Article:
Time, a Factor to Students Success
By Bee Vang
Tomorrow is always a fresh start of our days, but it won’t be so fresh if the first thing we think about when we wake up is our responsibility as a student. Last night I stayed up late, very late trying to finish this important essay, the highlight of my junior year. I also attempted to do my precalculus homework when I came upon a couple of problems that my math teacher didn’t cover. Knowing that the process can become grueling I gave it a try till an hour later my brain couldn’t deal with it any longer. Then this morning in study hall I had to decide the foremost choice to do, either complete my unfinished Spanish letter, work on my precalculus homework again, or study for my IB Economics test. By the time study hall ends only a small part of me feel relief. If only I were to have enough time in class wouldn’t cause me to stress over schoolwork this much.
The school board has to consider how little time they give us to do our work. Over the past few years the school board had pushed many Saint Paul public schools into either having a block schedule, or a seven period. Central High School was the last one standing between the district’s high schools with a normal six period day up until the academic year of 2014–2015. Before adopting the seven period day, Central’s six period day had time for at least an hour long lesson. Now with the 7 period day, students have only forty-seven minutes per class learning time. We lose 13 minutes in each class, multiple 13 by 183. school days would equal to a loss of 2379 minutes, or about a 40 hours loss of learning time in one school year just for just one class. With the loss of time teachers expect more from students to be more independent. So much materials to be cover in such a little amount of time, students are not robots.
Most students at Central are mentally in desperation need for more time in class. Everyday in math class is a start of a new lesson, homework were supposed to be done by the time the new lesson began. But about half the class have not even completed the homework that was assigned two days ago because they didn’t have time to ask for help. As this cycles continues homework gets pile up really fast and the only two days that can save their lives are the weekends, when they have more time in hand to look for answers.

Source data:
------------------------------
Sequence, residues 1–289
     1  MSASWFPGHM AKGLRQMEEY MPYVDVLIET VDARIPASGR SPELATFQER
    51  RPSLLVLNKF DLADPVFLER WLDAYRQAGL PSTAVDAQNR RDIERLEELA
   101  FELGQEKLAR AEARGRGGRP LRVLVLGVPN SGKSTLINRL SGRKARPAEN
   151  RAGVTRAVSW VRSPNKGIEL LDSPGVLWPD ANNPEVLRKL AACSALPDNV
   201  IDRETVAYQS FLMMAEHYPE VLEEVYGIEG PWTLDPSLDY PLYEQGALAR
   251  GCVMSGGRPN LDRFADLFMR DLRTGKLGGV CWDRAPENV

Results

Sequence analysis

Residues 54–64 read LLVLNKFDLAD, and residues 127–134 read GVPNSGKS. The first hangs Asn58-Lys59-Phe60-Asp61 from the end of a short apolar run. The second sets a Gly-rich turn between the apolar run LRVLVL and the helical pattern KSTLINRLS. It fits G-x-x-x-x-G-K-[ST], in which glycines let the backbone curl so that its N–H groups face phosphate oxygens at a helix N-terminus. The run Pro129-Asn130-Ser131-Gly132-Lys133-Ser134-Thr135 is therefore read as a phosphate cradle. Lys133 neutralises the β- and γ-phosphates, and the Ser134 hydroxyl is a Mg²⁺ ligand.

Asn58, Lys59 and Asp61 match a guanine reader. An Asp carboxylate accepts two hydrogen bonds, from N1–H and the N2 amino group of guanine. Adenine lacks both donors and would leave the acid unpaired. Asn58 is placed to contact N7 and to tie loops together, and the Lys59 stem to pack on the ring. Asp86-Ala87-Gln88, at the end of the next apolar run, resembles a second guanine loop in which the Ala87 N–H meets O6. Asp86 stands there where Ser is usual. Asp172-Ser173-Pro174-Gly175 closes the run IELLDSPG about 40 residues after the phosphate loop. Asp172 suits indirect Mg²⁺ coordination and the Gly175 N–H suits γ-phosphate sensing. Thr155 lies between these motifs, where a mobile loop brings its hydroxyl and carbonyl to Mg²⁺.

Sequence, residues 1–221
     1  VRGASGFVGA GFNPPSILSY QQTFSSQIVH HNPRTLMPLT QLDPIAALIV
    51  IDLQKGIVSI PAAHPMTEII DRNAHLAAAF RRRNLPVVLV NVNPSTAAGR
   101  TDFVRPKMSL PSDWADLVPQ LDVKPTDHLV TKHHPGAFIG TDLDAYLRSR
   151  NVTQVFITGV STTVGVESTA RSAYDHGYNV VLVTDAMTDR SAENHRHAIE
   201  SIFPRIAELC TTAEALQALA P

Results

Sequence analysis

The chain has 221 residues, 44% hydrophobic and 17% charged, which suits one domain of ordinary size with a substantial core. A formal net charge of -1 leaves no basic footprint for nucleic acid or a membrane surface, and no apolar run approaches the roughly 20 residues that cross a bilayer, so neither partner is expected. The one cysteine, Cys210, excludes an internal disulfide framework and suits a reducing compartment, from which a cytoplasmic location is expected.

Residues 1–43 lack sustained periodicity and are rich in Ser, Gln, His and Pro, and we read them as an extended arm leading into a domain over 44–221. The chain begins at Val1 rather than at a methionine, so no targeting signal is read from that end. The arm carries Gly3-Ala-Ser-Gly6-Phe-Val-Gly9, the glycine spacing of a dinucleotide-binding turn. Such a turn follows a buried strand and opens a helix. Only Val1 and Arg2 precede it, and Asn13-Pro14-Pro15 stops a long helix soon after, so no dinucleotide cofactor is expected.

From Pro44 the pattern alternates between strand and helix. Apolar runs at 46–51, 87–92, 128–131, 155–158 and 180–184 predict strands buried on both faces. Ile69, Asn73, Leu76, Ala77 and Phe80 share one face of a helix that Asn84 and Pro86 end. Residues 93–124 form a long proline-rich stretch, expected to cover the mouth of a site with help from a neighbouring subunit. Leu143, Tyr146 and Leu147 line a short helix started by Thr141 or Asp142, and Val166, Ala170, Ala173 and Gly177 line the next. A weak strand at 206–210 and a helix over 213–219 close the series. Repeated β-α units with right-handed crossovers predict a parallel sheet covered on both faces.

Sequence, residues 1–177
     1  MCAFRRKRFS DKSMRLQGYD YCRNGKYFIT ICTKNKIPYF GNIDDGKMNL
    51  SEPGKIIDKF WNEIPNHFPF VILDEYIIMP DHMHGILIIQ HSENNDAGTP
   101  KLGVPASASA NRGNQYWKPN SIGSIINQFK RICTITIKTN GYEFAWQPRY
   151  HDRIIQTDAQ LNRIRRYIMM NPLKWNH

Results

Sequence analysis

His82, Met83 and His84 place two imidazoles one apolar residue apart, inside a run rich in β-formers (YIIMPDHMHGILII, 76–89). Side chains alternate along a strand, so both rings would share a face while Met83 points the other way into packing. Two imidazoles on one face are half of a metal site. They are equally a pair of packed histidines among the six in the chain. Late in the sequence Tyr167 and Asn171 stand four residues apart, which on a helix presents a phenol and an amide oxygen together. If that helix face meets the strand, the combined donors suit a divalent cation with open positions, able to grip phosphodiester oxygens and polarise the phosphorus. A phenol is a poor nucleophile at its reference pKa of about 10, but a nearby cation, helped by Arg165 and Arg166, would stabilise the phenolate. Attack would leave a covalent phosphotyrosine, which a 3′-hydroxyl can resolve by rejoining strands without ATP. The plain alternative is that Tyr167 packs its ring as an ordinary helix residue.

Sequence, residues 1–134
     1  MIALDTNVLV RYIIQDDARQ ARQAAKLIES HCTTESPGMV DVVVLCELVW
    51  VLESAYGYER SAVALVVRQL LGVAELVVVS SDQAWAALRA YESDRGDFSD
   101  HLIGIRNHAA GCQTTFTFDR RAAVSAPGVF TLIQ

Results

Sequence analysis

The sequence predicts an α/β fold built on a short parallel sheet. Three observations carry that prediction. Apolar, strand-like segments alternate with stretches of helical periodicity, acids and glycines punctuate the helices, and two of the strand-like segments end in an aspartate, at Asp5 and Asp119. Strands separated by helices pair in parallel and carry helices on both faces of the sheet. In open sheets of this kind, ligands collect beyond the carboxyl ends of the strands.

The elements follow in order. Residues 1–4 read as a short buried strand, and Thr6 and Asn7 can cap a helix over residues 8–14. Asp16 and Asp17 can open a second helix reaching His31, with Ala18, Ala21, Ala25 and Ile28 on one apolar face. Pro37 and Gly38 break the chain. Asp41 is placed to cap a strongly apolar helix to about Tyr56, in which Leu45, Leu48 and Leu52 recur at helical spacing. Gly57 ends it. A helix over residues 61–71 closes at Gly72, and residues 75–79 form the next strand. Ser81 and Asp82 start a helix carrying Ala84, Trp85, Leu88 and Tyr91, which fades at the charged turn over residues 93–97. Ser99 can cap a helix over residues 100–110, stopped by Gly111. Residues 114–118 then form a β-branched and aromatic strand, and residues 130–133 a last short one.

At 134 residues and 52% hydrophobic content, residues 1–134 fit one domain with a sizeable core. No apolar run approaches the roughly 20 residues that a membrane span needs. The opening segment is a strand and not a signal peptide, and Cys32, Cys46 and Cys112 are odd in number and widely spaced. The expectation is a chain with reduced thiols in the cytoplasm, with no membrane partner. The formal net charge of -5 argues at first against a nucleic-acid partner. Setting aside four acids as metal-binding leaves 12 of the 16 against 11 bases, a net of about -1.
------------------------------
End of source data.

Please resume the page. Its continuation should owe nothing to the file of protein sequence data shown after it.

Furthermore, there is also a group of people who truly need more help but often time they are ignored by the people in the community. They are minorities who speaks broken English which make them known as English Language Learners (ELL) in school. In the article “American Students Who Struggle With English Outnumber Kids Born Abroad” written by Mikhail Zinshteyn, Zinshteyn uses Jeanne Batalova’s Migration Policy, using the 2012 Census data and the 2013 U.S. Department of Education Data to analyzed and proved that the number of ELL students born in the United States has doubled throughout the years. Minnesota is a state that contribute numbers to the ELLs population as I observe the large number of students who have to take the annual ELL test every year not just from Central High School, but also from my past grade schools. The problem for ELLs is that it takes more time for them to grasp onto new concepts and they need more resources from their teacher. It is already hard on average performing students to cope with only a 47 minute long class. How will the ELLs deal with this kind of schedule?